If the SPD membership approves (a likely but by no means certain outcome), then Chancellor Angela Merkel will once more preside over Germany in a “grand coalition”. But there are doubts about German strength and wealth, as well as its ability to underpin Europe’s slow recovery.
But the country faces significant economic challenges. Its economic power and financial strength may be overstated.
German economic strength relies on its often criticised export fetish. The assumption is that the country can de-couple from the eurozone, increasing its focus on emerging markets. But German exports to European countries total around 69 per cent of the total, including 57 per cent to the member states of the EU.
In 2012, Germany ran a trade deficit of €27bn (£23bn) with Russia, Libya and Norway, mainly for energy imports. Germany also had trade deficits with Japan (€4.7bn) and China (€11.1bn). In contrast, Germany had a trade surplus with the eurozone (France, Italy, Spain, Greece, Portugal, Cyprus and Ireland) of €54.6bn. It also had a surplus with the US (€36.2bn) and UK (€29.3bn). In effect, Germany’s overall global trade surpluses are reliant on exports to the eurozone. Continued weakness in these troubled countries will affect Germany’s economic prospects.
German export performance also depends on the value of the euro. If it continues to rise due to the US continuing its quantitative easing plan for longer than expected, then Germany’s competitive position will weaken. High energy prices and the increasing problems in emerging markets will exacerbate its problems.
A slowdown in German exports will have secondary effects. The recovery in economies such as Spain’s are dependent on exporting intermediate goods to Germany which are then re-exported as part of finished products. Reduction in German exports will decrease economic activity in these countries, in turn reducing demand for German exports within Europe.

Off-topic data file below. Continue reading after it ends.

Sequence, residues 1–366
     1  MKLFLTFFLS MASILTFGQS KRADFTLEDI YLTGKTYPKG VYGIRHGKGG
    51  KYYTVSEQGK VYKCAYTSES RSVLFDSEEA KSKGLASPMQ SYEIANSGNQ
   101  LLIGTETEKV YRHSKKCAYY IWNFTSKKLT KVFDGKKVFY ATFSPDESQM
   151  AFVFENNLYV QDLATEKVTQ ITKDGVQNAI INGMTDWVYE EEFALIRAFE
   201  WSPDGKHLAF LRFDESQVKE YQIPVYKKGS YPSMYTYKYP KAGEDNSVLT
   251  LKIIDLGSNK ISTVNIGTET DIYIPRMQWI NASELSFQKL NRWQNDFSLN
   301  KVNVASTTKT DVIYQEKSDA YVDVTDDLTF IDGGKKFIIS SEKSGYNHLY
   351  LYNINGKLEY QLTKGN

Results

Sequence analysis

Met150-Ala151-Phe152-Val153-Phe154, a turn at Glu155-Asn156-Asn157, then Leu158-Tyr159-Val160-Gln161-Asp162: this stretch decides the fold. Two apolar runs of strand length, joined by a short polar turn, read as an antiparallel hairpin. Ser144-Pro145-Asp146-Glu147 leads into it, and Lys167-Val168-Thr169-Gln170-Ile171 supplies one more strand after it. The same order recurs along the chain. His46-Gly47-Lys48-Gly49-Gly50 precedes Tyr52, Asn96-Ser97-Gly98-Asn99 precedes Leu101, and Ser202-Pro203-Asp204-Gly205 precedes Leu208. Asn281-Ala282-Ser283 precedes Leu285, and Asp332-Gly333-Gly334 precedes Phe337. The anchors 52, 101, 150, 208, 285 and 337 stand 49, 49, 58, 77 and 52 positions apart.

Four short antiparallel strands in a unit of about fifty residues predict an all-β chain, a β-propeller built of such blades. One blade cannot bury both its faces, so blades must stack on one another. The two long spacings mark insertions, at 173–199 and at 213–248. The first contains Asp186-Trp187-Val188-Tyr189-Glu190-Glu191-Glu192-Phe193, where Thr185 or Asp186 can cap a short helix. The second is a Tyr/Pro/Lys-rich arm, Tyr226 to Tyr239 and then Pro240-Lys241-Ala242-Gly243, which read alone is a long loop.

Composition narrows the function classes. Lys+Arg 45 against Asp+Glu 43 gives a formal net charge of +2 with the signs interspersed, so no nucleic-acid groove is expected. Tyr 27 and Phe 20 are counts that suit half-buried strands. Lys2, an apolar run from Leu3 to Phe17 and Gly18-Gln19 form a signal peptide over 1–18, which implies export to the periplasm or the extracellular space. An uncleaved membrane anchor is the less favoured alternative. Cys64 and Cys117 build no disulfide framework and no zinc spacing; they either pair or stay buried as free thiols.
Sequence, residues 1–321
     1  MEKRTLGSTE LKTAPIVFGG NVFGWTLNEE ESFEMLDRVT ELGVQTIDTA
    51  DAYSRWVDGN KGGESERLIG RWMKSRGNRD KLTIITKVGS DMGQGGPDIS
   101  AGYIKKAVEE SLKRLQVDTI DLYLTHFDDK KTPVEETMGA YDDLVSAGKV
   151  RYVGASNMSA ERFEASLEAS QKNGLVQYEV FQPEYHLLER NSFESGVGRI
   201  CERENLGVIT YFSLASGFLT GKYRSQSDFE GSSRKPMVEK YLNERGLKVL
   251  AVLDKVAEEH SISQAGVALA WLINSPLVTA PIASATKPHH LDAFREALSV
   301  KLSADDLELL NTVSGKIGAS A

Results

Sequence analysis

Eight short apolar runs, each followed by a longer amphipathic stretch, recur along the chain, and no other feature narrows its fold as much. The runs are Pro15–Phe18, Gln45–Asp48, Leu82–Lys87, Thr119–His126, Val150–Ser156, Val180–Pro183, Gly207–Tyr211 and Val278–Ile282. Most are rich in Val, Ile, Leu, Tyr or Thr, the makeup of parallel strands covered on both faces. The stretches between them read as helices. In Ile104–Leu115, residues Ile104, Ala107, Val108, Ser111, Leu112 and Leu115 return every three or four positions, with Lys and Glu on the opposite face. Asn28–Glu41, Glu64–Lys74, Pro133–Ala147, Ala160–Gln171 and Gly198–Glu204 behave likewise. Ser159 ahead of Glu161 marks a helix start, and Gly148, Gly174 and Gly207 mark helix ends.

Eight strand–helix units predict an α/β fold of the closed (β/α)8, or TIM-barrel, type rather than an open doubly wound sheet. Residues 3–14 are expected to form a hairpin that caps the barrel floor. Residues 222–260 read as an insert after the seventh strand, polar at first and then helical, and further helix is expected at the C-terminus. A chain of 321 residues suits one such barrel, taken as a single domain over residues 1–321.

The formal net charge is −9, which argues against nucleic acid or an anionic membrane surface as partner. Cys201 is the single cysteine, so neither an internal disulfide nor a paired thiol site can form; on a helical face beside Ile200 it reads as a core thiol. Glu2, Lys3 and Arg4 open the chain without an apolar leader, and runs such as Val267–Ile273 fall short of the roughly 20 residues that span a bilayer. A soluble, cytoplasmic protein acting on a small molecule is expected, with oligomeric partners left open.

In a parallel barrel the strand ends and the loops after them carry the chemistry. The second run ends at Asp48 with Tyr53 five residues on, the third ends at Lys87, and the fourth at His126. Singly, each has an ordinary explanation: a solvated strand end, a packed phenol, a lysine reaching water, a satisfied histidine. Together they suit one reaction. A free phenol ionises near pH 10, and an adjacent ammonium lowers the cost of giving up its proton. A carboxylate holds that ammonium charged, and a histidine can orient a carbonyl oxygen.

German industrial competitiveness is also overstated. Not so long ago Germany was regarded as the sick man of Europe.
Between 2000 and 2010, German productivity increased by a modest 0.6 per cent per annum, roughly half the OECD average. Despite reforms, the labour market remains inflexible. The German banking system remains fragmented and weak. The problems of the state-owned Landesbanks are well documented.
Germany’s infrastructure is ageing, and requires investment. Energy costs remain high, some 30 per cent above that of the rest of Europe and double that of the US, reducing competitiveness. High natural gas costs (four times the US cost) disadvantages its petrochemical industry.
OECD and World Economic Forum studies rank Germany modestly in terms of education, communication infrastructure, financial system soundness and business environment. It ranks 106th for starting a firm, 31st for mobile broadband, 75th for soundness of banks, 127th for hiring and firing and 139th for wage flexibility.
Its ageing population compounds its problems – it has the highest median age (45) in Europe. In 1970, Germany’s dependency ratio (number of workers for each retiree) was 4.1; in 2010, it was 3 and is projected to go to 1.6 by 2050, only slightly above that of Japan.
The coalition does little to address pressing issues. If anything, it seeks to reverse some of the Agenda 2010 reforms launched in 2003 by now vilified Chancellor Gerhard Schröder, which did much to restore German economic strength.
Whatever their social merits, the minimum wage and increased retirement benefits will reduce competitiveness, particularly in the old East Germany. The plight of younger workers is largely ignored. The targeted increased share of renewables in energy production and the closure of nuclear power plants will increase costs. Constrained by rigid adherence to budget discipline and reducing debt, there are no major investment initiatives.
The terms of the coalition also limit Germany’s operating flexibility. The Economist called the grand agreement a recipe for “die grosse Stagnation”.
Germany remains vulnerable to continuing problems in Europe. The minimum wage and retirement benefit changes also are inconsistent with Chancellor Merkel’s austerity message to troubled European nations. This will make it difficult to insist on further sacrifices.
Chancellor Merkel, who is now considering her place in history, may have been handed a poisoned chalice.
Satyajit Das is a former banker and author of ‘Extreme Money’ and ‘Traders, Guns & Money’Reuse content